Snuffing the Night Candles

People talking about the phases of the silvery moon,

the Peter Pan brightness beckoning in the stars—

I haven’t seen a distant sun in months,

and the fairy tales have shimmered away.

No celestial pin pricks in the darkened cyclorama,

no blazes from back in a time before my tiny self

tried to sparkle into existence. I live in

a perfect night, bundled beneath the

suffocation of cloudy particles

and blankets, an empty visibility

stretching into periphery

and over the horizon.

People love a little star shine.

I don’t know what happened

to me. I’m anchor-chained on this stark lake

of arrogance and folly, a slow lapping without

the benevolence of illumination

and godsend.

A child wishes

on the first one she sees, lovers wish

on the fallen—I have no blessed light

to witness. Something cheerlessly cast out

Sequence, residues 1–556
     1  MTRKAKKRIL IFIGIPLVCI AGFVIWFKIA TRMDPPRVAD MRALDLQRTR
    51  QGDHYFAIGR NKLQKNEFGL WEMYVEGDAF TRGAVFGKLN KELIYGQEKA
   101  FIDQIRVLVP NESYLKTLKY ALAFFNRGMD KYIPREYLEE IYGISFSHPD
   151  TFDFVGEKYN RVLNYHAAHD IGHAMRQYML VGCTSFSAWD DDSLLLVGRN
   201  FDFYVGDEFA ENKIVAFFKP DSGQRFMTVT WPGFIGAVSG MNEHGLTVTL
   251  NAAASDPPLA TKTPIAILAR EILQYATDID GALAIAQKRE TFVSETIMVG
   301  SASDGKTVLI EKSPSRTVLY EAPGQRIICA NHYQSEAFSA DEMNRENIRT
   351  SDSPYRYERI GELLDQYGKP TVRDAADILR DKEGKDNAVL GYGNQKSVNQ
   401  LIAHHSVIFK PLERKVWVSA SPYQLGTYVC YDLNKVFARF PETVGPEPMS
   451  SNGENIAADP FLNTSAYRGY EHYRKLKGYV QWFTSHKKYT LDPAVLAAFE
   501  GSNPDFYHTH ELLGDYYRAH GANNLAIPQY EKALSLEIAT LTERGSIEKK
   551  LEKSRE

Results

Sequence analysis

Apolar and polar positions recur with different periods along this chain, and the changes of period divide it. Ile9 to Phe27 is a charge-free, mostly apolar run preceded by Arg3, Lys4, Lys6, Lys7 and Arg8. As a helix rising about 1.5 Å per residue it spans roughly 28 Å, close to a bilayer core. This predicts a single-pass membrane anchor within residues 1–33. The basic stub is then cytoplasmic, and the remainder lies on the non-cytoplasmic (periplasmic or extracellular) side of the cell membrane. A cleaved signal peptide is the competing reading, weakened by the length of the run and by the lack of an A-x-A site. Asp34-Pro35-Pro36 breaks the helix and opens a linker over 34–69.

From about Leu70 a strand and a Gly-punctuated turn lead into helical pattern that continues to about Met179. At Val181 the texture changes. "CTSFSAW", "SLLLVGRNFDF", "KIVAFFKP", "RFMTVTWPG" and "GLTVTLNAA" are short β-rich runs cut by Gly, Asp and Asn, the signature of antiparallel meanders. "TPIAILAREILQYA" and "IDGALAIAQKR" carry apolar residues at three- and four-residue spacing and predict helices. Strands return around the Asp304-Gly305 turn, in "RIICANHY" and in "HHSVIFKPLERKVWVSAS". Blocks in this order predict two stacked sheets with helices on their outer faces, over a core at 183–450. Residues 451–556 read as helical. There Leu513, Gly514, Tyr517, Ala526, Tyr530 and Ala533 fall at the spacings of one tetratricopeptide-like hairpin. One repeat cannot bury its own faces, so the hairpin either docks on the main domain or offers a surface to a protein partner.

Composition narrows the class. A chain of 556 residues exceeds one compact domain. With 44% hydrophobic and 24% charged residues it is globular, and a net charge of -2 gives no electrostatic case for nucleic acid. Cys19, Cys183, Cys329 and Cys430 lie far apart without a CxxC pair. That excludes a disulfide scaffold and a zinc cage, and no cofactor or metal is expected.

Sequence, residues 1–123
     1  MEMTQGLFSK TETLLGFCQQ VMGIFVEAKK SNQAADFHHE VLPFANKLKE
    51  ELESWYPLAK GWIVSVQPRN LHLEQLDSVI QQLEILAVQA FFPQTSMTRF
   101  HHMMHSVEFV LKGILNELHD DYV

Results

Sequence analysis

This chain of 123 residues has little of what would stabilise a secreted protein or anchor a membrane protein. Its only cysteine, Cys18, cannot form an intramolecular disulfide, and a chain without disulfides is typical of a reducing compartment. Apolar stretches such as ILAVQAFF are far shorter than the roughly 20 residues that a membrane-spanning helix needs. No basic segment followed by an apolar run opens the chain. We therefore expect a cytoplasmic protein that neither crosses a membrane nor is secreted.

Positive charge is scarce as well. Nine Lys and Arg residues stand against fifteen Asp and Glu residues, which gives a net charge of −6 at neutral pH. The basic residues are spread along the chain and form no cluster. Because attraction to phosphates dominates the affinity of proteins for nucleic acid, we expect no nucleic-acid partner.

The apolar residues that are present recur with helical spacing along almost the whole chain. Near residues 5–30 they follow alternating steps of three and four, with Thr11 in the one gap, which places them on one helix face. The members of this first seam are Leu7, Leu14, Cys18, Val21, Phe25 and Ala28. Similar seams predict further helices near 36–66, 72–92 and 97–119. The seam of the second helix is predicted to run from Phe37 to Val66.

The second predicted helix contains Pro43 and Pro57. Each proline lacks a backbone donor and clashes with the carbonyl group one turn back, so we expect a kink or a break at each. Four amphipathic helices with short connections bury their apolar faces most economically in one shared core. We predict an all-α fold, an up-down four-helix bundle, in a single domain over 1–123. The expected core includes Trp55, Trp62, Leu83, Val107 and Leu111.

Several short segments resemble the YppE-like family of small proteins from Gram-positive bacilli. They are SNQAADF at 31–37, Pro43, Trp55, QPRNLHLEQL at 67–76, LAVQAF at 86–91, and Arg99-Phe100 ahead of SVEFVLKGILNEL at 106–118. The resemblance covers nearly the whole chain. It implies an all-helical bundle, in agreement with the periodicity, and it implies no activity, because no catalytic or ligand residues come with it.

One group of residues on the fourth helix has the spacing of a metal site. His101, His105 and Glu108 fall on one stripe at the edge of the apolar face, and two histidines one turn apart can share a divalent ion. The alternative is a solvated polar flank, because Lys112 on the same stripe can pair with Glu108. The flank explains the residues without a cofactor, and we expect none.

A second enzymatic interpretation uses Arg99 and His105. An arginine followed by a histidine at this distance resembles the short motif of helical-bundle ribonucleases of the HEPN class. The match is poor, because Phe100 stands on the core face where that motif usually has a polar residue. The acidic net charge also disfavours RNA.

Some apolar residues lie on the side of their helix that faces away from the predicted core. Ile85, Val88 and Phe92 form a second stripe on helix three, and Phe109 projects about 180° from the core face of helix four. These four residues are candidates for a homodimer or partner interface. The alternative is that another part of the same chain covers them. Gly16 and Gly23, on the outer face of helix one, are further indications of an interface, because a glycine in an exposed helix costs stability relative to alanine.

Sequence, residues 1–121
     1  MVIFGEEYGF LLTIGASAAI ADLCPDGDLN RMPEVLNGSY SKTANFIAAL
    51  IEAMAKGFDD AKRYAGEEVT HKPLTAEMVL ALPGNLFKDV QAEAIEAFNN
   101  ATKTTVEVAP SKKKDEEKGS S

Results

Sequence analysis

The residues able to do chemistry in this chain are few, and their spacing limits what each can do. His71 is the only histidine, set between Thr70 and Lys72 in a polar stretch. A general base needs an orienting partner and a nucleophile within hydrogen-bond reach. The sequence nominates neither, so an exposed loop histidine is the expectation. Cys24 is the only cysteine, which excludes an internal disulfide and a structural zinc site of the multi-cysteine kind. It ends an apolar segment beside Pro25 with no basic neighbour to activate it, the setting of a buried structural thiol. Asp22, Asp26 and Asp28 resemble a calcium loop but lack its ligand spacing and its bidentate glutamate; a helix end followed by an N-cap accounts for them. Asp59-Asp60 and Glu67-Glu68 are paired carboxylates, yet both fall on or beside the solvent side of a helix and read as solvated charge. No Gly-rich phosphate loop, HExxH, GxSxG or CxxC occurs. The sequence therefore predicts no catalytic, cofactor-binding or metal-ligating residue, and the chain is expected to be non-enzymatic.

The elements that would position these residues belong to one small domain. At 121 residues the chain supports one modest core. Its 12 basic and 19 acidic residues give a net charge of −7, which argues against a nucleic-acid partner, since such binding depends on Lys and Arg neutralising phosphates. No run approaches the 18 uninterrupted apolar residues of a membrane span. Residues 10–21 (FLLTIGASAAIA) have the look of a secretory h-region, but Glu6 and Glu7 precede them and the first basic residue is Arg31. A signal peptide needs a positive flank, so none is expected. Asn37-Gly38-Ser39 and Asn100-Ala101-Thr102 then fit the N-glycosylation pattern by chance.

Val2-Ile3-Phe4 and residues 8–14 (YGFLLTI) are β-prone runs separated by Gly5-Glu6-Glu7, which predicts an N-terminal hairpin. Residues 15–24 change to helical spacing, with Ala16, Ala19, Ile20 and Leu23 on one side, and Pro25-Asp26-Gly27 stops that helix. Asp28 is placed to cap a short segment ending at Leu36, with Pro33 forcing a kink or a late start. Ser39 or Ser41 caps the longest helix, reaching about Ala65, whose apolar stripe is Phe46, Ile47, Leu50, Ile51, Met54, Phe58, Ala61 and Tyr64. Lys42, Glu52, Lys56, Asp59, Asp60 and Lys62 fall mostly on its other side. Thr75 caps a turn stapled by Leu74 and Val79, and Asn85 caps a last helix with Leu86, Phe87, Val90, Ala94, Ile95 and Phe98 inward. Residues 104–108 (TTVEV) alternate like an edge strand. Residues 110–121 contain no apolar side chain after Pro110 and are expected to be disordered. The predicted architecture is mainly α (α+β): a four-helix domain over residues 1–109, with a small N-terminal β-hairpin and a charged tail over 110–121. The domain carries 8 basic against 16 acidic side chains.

has happened here. What America

coughs up to heaven

might be what happened. Of course

I want answers. I pray someone

has the heart

to wish for the future,

for me.


Author: Scott T. Hutchison

Scott T. Hutchison’s previous work has appeared in The Georgia Review and The Southern Review. Poems are forthcoming in Appalachian Heritage, Pine Mountain Sand & Gravel, Evening Street Review, Narrative Northeast, and Naugatuck River Review. A new book of poetry, Moonshine Narratives, is available from Main Street Rag Publishing.

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